State records indicate that campaign fundraising by two groups working to pass issues for local school districts effectively halted during a pandemic-related shutdown.
But that gap didn't have much of an effect because those groups had already raised what they needed for their campaigns.
Vote Yes Our Kids Our Community, raising funds on behalf of a Joplin School District proposal, reported receipts of about $5,436 for its entire election cycle, according to a report filed Tuesday with the Missouri Ethics Commission. The bulk of those donations were made March 31 — seven days before the original election date of April 7. Only one donation of $100 was made afterward, on May 20.
The largest donors include $2,000 from Crossland Construction Co. and $500 each from Corner Greer and Associates; Allgeier Martin and Associates; Superintendent Melinda Moss; and Kevin Greisher, of Kansas City.
A group campaigning for a levy increase in the Neosho School District raised almost four times as much as Joplin. Neosho's Future 2.0 raised around $24,229 for the election; the last donation it accepted was on March 30.
The largest donors include $5,000 from Rudy and Dorothy Farber; $3,500 from K&S Wire; $2,500 from Phillip and Tiffany Slinkard; and $2,000 each from Guaranty Bank, Community Bank and Trust, First Community Bank and Arvest Bank.
The Joplin district is asking for $25 million in bonds to build a new elementary school at Dover Hill to replace Columbia and West Central elementary schools, as well as a classroom expansion at Kelsey Norman Elementary School.
Neosho is asking for a 39-cent increase in its levy and a complete Proposition C waiver for several school upgrades and to boost teacher salaries. Neosho's building projects include a new theater, field house and safe rooms at the four remaining buildings that don't have one.
Those issues and others were on ballots for the April 7 election, but Gov. Mike Parson in mid-March postponed those municipal elections until Tuesday. The move helped people deal with stay-at-home orders and other tactics to prevent the spread of the coronavirus responsible for causing COVID-19.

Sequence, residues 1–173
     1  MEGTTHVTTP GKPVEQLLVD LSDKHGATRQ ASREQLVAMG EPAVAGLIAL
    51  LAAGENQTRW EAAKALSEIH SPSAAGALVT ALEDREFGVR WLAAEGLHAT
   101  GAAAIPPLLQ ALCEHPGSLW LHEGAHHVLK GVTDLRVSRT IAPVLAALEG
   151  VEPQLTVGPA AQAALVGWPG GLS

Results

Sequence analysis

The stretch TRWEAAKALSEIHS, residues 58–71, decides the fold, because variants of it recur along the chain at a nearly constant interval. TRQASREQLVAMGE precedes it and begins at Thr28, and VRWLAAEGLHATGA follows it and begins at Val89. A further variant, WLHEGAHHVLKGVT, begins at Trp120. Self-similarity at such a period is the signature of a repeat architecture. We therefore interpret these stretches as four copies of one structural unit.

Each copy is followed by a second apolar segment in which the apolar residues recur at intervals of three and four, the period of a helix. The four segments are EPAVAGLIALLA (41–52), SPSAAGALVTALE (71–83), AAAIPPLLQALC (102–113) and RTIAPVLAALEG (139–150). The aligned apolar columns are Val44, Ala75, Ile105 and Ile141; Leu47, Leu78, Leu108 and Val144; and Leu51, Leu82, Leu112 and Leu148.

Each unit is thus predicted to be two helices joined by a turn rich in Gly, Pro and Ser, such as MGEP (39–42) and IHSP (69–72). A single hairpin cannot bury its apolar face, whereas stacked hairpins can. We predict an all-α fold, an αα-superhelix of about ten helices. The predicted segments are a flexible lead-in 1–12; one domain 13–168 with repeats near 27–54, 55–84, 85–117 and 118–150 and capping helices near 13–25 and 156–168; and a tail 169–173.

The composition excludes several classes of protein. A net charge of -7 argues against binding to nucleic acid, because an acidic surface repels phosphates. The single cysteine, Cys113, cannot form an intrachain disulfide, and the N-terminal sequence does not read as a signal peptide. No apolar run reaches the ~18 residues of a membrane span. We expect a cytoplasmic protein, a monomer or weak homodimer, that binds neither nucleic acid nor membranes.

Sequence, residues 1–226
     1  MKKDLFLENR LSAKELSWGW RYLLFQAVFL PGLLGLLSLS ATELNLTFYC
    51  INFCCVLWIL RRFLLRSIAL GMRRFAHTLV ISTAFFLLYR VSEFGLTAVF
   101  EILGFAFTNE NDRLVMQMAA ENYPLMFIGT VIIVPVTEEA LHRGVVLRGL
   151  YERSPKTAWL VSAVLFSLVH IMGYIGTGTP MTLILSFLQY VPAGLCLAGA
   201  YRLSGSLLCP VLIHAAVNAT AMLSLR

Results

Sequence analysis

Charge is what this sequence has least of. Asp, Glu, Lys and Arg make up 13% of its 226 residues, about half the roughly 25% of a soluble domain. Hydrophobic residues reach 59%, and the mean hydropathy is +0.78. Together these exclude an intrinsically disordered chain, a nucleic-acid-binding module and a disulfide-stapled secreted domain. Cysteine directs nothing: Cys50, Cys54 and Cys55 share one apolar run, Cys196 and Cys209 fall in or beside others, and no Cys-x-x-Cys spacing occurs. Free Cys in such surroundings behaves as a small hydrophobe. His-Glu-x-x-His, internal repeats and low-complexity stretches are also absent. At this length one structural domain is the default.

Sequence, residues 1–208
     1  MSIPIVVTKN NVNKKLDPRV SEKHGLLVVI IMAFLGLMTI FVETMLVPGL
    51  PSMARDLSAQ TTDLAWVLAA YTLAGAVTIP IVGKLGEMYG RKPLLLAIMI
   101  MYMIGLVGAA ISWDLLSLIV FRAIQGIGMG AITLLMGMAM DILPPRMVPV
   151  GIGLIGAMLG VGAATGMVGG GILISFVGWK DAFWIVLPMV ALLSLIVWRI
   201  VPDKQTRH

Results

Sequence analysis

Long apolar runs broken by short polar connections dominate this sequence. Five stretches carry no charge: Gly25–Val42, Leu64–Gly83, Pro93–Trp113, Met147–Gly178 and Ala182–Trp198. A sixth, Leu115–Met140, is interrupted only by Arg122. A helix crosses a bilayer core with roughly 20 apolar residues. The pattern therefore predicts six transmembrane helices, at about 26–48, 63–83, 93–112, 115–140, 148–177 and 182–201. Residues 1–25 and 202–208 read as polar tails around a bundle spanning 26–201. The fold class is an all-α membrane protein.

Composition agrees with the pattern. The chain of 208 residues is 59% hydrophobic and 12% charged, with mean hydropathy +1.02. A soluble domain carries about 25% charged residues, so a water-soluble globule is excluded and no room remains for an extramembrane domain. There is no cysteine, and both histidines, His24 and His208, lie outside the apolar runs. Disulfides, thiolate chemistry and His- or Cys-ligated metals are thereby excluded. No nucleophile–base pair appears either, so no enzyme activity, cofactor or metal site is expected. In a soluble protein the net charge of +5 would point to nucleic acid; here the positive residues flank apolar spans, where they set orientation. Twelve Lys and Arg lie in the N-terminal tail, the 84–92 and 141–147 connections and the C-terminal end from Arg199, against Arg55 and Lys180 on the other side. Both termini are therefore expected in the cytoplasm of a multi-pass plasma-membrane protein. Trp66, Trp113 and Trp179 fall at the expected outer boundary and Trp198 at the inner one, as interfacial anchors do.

Campaign organizers said the pause halted their ability to campaign publicly and forced them to find new ways of reaching voters. Stuart Puckett, president of the Neosho Board of Education, said earlier this month that Neosho's Future 2.0 paused all of its campaign activity, resuming it only after the state and cities entered the first phase of recovery planning.
While the postponement slowed momentum, campaign organizers said in previous Globe coverage that it didn't skew fundraising plans. State reports also show that committees were able to obtain goods and services they needed for their campaigns during that downtime.
The Joplin issue committee had spent $1,814.07 by April 13 and $3,118.49 by May 26. In its eight-day-before-election report filed on May 26, it reported total expenditures of $5,065.98, with $370.29 on hand.
In its eight-day-before-election report filed on May 26, the Neosho group reported total expenditures of $16,667 with $7,562 remaining on hand. The bulk of those expenditures, $10,235, occurred and were reported before March 31.